Dare to try , Spider dish in Nagaland

It drizzled the whole night. That was my first ever experience of winter rain in mountains. It was cold outside . The soft light streamed through the tent announcing a brand new day. I woke up and enjoyed a hot coffee followed by breakfast. And it’s the day when I dared to try Spider dish in Nagaland.

Beauty of Exploring Solo

My solo trip to Nagaland was filled with so many precious memories that’s still fresh in mind !
Solo trip offers an unique opportunity for self-discovery, solitude and reconnecting to yourself.

These two little sisters who were living in a small cottage next to the camp site .. I would spend some time with them while taking the road to the Fest site post breakfast, 20 mins walk .
They would show me the veggies what the family growing in their small garden .
The innocence of those kids is a treasure to behold, untouched by the complexities of modern life

It was the last day at the Fest . I was already in a mood of exploring something new !

Dare to Try, Spider dish in Nagaland

In Nagaland, a state in northeastern India, spiders are consumed as a traditional food item. The practice of eating spiders, particularly the local species called “a-pi,” has cultural and culinary significance.

As I approached the stall showcasing various indigenous foods at the Festival, my senses are immediately engaged. The air was filled with the aroma of spices mingled with the sounds of traditional music and laughter from different Morungs.

Tribal Culture of the Nagaland Hornbill Festival

Fried Spider

My curiosity piqued, I joined my friends whom I met at the camp site. They gathered around a section of the stall where a variety of insects and spiders are on display. The sight of the spiders, cooked to a golden crispness and seasoned with local spices, both intrigues and slightly unsettled me.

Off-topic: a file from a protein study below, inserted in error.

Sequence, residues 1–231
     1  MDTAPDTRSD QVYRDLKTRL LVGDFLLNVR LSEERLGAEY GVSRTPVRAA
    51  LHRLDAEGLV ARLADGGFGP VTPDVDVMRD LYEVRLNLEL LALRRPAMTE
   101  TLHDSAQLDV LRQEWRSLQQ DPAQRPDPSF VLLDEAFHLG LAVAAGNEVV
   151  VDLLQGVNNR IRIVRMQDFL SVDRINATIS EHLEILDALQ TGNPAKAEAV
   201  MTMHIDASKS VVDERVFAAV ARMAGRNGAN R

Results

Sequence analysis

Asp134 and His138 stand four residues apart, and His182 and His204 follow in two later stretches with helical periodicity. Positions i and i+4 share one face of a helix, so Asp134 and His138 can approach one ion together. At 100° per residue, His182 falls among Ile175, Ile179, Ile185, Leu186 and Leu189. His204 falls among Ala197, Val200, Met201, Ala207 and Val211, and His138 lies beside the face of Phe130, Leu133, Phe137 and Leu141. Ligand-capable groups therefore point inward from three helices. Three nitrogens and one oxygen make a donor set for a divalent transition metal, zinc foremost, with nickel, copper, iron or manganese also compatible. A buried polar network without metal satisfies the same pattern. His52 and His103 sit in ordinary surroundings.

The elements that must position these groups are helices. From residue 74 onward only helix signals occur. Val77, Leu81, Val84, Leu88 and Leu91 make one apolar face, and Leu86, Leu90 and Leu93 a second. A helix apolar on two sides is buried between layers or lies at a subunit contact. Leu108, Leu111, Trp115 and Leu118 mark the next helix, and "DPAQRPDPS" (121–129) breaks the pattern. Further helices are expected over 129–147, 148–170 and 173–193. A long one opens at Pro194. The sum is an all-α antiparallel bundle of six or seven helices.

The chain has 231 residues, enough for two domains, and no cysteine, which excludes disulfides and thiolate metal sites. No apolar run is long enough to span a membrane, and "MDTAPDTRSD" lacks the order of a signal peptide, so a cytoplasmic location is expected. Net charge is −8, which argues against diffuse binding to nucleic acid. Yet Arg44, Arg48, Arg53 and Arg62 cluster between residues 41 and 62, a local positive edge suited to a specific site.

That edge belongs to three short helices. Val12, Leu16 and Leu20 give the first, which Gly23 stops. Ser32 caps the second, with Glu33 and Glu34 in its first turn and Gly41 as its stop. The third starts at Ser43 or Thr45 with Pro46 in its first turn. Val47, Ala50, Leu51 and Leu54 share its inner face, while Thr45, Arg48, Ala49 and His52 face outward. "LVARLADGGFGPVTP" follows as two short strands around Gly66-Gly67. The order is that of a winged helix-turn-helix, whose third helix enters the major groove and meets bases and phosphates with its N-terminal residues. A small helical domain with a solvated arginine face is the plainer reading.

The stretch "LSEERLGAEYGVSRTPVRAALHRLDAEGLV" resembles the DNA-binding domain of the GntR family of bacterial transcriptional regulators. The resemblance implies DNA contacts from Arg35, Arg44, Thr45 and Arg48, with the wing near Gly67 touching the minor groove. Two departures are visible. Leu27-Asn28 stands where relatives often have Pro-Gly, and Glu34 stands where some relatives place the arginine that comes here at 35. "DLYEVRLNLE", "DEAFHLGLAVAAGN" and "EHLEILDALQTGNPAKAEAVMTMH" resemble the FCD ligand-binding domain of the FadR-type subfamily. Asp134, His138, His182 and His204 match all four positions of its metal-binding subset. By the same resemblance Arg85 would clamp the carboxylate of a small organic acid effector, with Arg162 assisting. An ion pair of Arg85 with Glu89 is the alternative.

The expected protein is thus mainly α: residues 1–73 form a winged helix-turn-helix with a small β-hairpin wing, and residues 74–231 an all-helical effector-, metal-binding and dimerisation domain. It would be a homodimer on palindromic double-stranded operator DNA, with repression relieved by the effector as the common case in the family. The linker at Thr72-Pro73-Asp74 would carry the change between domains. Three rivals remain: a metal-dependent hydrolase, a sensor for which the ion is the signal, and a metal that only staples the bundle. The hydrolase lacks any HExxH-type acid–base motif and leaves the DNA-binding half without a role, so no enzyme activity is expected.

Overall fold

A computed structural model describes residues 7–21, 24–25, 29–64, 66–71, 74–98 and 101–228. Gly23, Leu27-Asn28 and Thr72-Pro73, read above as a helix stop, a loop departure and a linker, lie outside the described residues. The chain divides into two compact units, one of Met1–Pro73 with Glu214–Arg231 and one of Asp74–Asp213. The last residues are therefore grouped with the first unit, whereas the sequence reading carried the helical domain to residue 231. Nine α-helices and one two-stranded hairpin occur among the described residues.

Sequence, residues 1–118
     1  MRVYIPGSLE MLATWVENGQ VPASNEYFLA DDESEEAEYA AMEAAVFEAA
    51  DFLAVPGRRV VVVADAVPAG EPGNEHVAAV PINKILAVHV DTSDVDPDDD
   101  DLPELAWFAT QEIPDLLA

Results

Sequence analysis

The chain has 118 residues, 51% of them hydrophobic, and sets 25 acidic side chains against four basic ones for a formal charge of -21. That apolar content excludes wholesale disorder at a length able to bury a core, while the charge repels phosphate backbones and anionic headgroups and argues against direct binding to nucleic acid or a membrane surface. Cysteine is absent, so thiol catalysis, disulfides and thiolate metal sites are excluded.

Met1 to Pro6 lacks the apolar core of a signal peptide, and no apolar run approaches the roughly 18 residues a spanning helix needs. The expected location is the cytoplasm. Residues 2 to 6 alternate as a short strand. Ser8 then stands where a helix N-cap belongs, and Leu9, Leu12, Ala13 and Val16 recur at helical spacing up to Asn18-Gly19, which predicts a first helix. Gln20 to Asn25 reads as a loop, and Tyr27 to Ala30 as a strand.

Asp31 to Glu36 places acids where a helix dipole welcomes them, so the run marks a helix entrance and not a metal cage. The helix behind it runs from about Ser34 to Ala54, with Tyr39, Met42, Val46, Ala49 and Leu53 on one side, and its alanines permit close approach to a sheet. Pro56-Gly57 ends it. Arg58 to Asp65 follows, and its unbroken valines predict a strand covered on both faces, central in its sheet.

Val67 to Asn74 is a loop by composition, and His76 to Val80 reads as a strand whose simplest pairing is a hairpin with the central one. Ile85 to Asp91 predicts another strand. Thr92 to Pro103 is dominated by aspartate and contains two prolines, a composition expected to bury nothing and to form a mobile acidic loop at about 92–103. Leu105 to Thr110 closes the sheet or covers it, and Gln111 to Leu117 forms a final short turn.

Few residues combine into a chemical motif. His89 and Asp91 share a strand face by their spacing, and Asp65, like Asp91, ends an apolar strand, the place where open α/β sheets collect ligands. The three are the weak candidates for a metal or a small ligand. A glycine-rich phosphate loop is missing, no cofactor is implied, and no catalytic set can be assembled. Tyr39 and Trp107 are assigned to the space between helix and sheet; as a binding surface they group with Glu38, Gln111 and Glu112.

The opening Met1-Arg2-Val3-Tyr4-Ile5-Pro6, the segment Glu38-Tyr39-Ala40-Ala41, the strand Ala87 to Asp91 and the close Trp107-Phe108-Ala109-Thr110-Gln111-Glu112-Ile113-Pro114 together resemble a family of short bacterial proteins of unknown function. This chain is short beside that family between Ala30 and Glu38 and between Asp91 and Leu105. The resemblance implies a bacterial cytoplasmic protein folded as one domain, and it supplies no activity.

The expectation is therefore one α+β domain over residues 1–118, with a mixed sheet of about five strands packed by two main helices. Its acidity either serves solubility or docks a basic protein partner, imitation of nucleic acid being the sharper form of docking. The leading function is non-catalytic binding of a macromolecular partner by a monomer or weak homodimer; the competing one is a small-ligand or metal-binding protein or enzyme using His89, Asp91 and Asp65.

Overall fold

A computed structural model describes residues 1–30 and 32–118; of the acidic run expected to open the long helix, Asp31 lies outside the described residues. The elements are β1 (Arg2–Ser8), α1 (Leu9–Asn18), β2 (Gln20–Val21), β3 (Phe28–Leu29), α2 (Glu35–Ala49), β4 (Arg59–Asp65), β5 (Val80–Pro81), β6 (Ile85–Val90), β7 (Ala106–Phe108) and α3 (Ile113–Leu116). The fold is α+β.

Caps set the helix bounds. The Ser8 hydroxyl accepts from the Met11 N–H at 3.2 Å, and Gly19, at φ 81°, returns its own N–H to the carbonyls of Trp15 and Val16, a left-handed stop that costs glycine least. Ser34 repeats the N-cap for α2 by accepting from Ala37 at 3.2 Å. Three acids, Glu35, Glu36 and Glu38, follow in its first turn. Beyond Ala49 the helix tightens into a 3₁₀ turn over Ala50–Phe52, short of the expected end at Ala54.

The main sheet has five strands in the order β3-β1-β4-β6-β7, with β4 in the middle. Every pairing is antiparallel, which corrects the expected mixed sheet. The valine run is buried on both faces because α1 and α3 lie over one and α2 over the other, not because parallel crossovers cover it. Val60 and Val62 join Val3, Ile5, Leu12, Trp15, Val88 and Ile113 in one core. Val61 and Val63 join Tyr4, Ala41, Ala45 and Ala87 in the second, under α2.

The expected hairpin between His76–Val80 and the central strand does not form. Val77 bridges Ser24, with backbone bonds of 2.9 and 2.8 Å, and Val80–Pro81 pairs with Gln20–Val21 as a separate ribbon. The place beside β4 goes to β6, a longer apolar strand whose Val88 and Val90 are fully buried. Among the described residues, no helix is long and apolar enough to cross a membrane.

Taking a deep breath, I decided to try this unique delicacy. With the encouragement of those friends and the lady who selling it, I gingerly picked one up.

The texture was slightly crunchy legs , giving way to a soft interior at the middle section. A combination of spices that danced on your palate. Despite the initial hesitation, I found myself enjoying the taste and getting ready for the second one !

It was not just about trying a new food; it’s about immersing yourself in the rich tapestry of Nagaland’s culinary traditions.And proudly embracing the spirit of exploration and openness that defines the Hornbill Festival.



The only traditional brew from Northeast India to obtain the GI tag. Brewed majorly by women, this drink is served as a symbol of respect. It’s a drink to greet their guest and relatives with love.

Judima is a traditional rice-based alcoholic beverage from the Dimasa community in the North Cachar Hills region of Assam, India. It is made by fermenting cooked rice with the help of a starter culture called ‘Juda’ or ‘Judima.’

This beverage holds cultural significance among the Dimasa people and is often consumed during festivals and ceremonies. It is regarded as sacred drink ,guided by stories, spirits .

The making process involves several steps ending with at least one month fermentation . I had two bottles of Judima during the lunch followed by pork cooked with Anishi.

Anishi is primarily made from fermented colocasia leaves, which are known locally as ‘taro’ leaves. The preparation of Anishi involves a meticulous process.It begins with harvesting the colocasia leaves during the peak season. These leaves are then thoroughly washed and finely shredded before being left to ferment for several days.

The resulting dish is a savory and slightly tangy stew-like preparation with a rich umami flavor. Anishi is often enjoyed with steamed rice, which helps balance its acidity and adds a comforting element to the meal. It’s a dish that embodies the essence of Naga cuisine.

And here I am holding red tea which was served in that cute Bamboo cup. That was my afternoon tea before heading to the Musical evening. Stay tuned for my next Blog to read about ‘Rope Pulling Festival’ that I witnessed in Kohima on my return journey to Guwhati, Assam.

Leave a Comment

Your email address will not be published. Required fields are marked *

Scroll to Top